The Union Men’s and Women’s Rugby teams are often overlooked by the campus community. While this disregard is surely not out of spite, it is definitely undeserved.
This year, the Dutchwomen have lost only one game and, while the Dutchmen are not having the most fruitful season, they have been very successful in the past, winning the state championship in 2013. For the men, this year has been dubbed a “rebuilding year.”
Recently, an exciting opportunity arose for the men’s and women’s rugby teams.
USA Rugby Women’s Sevens Manager, Video Analyst and Assistant Coach Joanne Kos offered to lead one of the teams’ practices. Kos was initially set to come on April 22, but the weather had other plans. Practice was rained out and Kos’ visit was rescheduled to April 29.
Being coached by Kos will prove to be a great learning experience for the teams, as she started the sport in a similar way to most rugby players here.
At Union, rugby is a club sport and about 99 percent of the students who participate have had no prior exposure to the sport. Olivia Thurston ’16, President of the Women’s Team, echoed this idea, “Anyone who is willing can play.”
Likewise, Kos didn’t begin playing rugby until she got to college.
She attended SUNY-ESF on the Syracuse University campus and played rugby through SU. A natural athlete, she excelled at the sport and eventually started playing on the USA Women’s Rugby National Sevens Team.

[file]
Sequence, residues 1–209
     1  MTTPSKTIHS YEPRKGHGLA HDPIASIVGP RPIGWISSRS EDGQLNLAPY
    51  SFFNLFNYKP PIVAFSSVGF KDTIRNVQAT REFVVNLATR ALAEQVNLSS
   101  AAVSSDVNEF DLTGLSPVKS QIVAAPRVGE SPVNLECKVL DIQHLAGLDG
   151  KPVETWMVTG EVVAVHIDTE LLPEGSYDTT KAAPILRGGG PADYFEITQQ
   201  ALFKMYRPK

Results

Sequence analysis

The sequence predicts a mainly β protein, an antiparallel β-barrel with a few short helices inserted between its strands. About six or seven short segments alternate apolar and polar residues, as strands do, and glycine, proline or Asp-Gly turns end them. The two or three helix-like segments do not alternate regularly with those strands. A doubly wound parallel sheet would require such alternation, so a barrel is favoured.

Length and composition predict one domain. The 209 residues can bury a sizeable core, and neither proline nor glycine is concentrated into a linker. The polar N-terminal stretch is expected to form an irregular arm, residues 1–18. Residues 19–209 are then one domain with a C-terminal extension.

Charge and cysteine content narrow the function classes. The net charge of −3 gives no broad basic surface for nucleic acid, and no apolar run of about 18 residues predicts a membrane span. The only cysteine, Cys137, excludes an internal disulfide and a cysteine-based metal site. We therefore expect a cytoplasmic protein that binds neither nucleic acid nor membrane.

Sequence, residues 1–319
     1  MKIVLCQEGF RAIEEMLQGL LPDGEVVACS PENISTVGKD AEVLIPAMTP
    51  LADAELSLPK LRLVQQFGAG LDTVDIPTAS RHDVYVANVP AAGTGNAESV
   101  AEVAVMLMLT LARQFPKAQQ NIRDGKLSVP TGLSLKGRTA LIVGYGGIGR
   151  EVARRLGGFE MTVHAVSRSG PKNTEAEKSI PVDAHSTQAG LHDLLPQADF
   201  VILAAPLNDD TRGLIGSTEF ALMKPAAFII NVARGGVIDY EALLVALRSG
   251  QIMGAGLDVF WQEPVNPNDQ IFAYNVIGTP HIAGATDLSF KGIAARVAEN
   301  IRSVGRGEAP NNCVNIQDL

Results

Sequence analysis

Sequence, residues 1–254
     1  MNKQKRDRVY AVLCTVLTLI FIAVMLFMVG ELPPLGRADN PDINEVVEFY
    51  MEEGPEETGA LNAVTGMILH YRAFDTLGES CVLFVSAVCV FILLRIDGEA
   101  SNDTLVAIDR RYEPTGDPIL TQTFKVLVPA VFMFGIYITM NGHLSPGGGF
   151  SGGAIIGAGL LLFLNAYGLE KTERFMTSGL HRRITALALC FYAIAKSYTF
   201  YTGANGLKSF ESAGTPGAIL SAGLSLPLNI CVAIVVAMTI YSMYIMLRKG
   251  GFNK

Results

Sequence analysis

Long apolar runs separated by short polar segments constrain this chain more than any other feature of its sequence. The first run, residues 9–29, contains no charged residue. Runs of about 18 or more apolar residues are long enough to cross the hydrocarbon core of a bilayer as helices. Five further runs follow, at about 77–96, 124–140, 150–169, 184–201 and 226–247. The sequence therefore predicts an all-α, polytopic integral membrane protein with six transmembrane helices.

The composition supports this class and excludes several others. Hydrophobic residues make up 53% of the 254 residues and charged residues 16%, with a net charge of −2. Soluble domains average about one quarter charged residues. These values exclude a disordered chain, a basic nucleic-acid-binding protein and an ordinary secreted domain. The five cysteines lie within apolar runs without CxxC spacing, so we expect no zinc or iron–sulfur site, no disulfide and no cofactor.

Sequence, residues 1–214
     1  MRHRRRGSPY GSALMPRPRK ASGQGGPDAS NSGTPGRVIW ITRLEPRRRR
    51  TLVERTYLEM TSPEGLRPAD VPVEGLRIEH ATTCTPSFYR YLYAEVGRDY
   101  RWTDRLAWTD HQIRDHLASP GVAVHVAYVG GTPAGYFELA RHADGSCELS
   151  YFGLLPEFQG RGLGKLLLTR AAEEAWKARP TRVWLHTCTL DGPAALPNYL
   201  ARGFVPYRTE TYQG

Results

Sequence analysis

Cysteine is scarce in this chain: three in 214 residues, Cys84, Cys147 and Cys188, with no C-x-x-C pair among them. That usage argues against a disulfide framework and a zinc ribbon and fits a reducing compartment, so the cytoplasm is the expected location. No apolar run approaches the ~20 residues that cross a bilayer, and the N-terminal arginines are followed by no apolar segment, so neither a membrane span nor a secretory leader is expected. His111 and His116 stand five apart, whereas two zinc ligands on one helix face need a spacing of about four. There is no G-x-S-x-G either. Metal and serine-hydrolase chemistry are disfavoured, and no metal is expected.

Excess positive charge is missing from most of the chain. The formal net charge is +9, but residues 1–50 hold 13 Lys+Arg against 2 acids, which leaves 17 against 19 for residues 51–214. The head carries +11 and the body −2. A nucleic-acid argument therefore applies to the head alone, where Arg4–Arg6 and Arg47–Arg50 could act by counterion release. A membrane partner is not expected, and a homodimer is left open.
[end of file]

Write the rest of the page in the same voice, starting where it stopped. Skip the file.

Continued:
She played with the team from 2001 until her retirement in 2011. From there, she made the jump from playing to coaching.
According to Kos, “The transition was easy since I had been peer-coaching throughout college. I had a lot to share with my teammates from my experiences on the National Team.”
On top of her work with the National Team, Kos also coaches the Albany Knickerbocker’s men’s team and travels to colleges in the Capital Region to coach and share her wisdom.
When she arrives at Union, Kos will see a strong Dutchwomen squad. In their spring season, which consists mostly of tournaments, the Dutchwomen have only dropped one game, to SUNY Albany.
The teams kicked off their spring season with a spring break trip to Nashville, Tenn., that went well for the Dutchwomen.
The ladies also traveled to a game at St. Michael’s, which they won. Then, they dominated in another tournament at SUNY Albany.
The men’s team is captained by Tim Hagan ’16 and Xavier Capaldi ’16, while Alexis MacDonald ’16 and Alicia Palmer ’15 are captains for the Dutchwomen.
Key players on the men’s side include Hagan and Essah Chisholm ’17, and MacDonald, along with her sister Lindsay MacDonald ’18 and Maya Bauer-Moshi ’17 for the women’s team.
When asked about what draws them to rugby, both Thurston and Kos raved about the unique experiences one can gain through the sport.
According to Kos, “Rugby pulls in a really unique collection of people. In college, everyone on my rugby team had different majors. It allows for you to bond on a whole different level.”
Thurston explained the dynamic between the men’s and women’s teams saying, “During practice, we share the field and we share equipment, but off the field we get a chance socially mix. After our games, we have socials where we recognize the MVP’s and acknowledge anyone who scored their first try. Our coach always says the social aspect of rugby is half the game.”
The women have a home game agaisnt RPI on May 9, and new players are always welcome at their Tuesday-Friday practices from 4:30-6 p.m.00